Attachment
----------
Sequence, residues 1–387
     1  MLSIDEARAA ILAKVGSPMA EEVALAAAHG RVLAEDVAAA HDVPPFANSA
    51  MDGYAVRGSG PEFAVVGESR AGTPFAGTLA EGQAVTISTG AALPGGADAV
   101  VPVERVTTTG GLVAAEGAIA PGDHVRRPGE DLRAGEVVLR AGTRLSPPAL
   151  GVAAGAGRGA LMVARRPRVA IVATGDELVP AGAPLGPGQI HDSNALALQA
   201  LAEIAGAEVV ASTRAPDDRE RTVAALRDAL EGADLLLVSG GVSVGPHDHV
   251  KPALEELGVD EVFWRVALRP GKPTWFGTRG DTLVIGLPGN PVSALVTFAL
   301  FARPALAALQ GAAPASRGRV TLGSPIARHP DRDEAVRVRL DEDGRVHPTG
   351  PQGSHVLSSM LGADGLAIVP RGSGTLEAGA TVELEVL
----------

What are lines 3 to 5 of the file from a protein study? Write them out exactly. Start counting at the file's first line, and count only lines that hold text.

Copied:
    51  MDGYAVRGSG PEFAVVGESR AGTPFAGTLA EGQAVTISTG AALPGGADAV
   101  VPVERVTTTG GLVAAEGAIA PGDHVRRPGE DLRAGEVVLR AGTRLSPPAL
   151  GVAAGAGRGA LMVARRPRVA IVATGDELVP AGAPLGPGQI HDSNALALQA